To keep things in perspective, research reports in one form or another (i.e., balancing verbal and visual information) are not truly redundant. The more detailed results and explanations of the research methodology may help professionals on the client side to evaluate the reliability of findings and quality of analyses; results at the deeper level can be instrumental when devising together with managers or executives the implementation of action plans. However, when business decision makers as clients need to figure out at first what the findings imply, what is important about them, and what could be done about them, telling a story about the core idea of the findings can be of great value. The impact of the story would be especially appreciated when told in presentations in person to an audience of the business decision makers.
There is concern that storytelling could downgrade the level of marketing and consumer research; on this view, ‘storytelling’ is just a nice way for justifying a less professional, more casual presentation of research work and its outcomes. Yet, it really depends on when and how storytelling is being applied. An important distinction should be made: Sophistication can be maintained during the research process (e.g., use of advanced methods or models, keeping with professional or academic standards of data collection and analysis), while simplification can be adopted for delivering the findings of research and their implications to the clients, as can be done through telling stories. Stories are legitimate and beneficial if they allow business deciders to better grasp the meaning and insights from the findings and figure out what can be done consequently.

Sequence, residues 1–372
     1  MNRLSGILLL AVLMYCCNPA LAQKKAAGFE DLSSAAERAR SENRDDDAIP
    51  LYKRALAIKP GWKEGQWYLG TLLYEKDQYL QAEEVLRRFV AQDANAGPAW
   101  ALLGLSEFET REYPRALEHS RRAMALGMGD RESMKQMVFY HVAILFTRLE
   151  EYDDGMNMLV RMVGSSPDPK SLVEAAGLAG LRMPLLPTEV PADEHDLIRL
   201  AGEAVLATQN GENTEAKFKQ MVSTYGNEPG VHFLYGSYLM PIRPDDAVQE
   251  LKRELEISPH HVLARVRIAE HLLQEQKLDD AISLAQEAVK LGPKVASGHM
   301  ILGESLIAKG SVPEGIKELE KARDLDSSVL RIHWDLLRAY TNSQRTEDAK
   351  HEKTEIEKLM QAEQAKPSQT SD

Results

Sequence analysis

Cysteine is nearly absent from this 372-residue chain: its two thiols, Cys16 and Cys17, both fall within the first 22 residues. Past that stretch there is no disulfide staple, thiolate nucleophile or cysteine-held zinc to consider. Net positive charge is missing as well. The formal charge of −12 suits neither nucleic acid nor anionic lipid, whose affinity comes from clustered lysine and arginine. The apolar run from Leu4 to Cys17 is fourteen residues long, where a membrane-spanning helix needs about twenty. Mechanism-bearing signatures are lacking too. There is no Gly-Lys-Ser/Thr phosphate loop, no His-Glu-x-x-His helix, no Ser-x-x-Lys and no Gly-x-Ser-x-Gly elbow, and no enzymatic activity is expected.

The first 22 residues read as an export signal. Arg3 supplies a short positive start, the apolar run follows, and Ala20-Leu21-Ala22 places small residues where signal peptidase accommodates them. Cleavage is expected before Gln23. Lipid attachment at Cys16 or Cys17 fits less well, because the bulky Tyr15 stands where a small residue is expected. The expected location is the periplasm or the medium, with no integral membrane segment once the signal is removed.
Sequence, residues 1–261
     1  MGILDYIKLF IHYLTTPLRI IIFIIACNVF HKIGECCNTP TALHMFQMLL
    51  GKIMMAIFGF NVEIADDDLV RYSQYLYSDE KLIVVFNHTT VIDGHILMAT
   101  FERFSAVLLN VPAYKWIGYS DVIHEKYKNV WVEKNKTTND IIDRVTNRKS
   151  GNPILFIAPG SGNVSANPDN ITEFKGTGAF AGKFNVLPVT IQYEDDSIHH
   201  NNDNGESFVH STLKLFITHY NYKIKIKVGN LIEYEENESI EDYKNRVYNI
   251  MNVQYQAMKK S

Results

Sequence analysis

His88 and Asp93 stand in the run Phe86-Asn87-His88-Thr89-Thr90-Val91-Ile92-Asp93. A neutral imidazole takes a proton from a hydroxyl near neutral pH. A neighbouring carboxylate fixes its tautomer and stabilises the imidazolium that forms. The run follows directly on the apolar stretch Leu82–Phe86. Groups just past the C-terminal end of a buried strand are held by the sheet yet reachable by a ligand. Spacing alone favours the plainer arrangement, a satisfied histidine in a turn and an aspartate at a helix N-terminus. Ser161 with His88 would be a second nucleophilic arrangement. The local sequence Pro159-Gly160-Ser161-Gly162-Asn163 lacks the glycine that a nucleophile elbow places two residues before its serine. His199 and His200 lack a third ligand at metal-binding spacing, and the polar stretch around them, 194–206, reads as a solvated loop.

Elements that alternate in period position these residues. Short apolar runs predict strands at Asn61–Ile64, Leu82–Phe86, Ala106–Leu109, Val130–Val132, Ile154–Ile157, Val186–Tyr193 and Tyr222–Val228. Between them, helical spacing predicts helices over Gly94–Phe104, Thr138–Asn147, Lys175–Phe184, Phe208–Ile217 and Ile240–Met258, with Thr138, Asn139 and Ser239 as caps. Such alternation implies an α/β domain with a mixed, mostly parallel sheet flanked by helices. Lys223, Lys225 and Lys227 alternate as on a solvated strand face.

Practical Tips for Increasing of Your Marketing Research Insights, Michael Callero (The Big Blue Crayon), Quirks.com, 28 November 2022 (registration required)
 Qauntilope Webinar: How to Tell Impactul Stories Through Data, presented by Mike de Gagne (senior VP sales) and Gianna Saladino (associate research manager) at Quantilope, Quirks.com, 17 November 2022 (registration required).
 Storytelling, In-house Research and Adaptation: Takeaways from November’ Wisdom Wednesday, Quirks.com (Maddie Swenson), 28 November 2022 (registration required; Paul Rao is director of consumer insights at Gatorade/PepsiCo)